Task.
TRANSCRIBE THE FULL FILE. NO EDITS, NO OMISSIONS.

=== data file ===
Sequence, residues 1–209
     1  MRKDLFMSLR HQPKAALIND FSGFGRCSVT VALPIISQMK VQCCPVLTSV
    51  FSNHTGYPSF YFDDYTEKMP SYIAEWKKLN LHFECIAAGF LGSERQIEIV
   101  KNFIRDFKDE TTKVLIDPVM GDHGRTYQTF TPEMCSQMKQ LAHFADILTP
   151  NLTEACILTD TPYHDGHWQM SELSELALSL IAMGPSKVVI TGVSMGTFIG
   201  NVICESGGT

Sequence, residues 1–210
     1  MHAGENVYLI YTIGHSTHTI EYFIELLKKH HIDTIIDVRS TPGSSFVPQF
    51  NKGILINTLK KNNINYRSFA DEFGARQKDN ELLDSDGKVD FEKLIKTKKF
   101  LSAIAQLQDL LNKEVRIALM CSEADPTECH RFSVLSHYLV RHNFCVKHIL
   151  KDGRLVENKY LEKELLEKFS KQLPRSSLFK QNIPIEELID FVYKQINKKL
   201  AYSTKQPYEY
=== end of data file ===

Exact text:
Sequence, residues 1–209
     1  MRKDLFMSLR HQPKAALIND FSGFGRCSVT VALPIISQMK VQCCPVLTSV
    51  FSNHTGYPSF YFDDYTEKMP SYIAEWKKLN LHFECIAAGF LGSERQIEIV
   101  KNFIRDFKDE TTKVLIDPVM GDHGRTYQTF TPEMCSQMKQ LAHFADILTP
   151  NLTEACILTD TPYHDGHWQM SELSELALSL IAMGPSKVVI TGVSMGTFIG
   201  NVICESGGT

Sequence, residues 1–210
     1  MHAGENVYLI YTIGHSTHTI EYFIELLKKH HIDTIIDVRS TPGSSFVPQF
    51  NKGILINTLK KNNINYRSFA DEFGARQKDN ELLDSDGKVD FEKLIKTKKF
   101  LSAIAQLQDL LNKEVRIALM CSEADPTECH RFSVLSHYLV RHNFCVKHIL
   151  KDGRLVENKY LEKELLEKFS KQLPRSSLFK QNIPIEELID FVYKQINKKL
   201  AYSTKQPYEY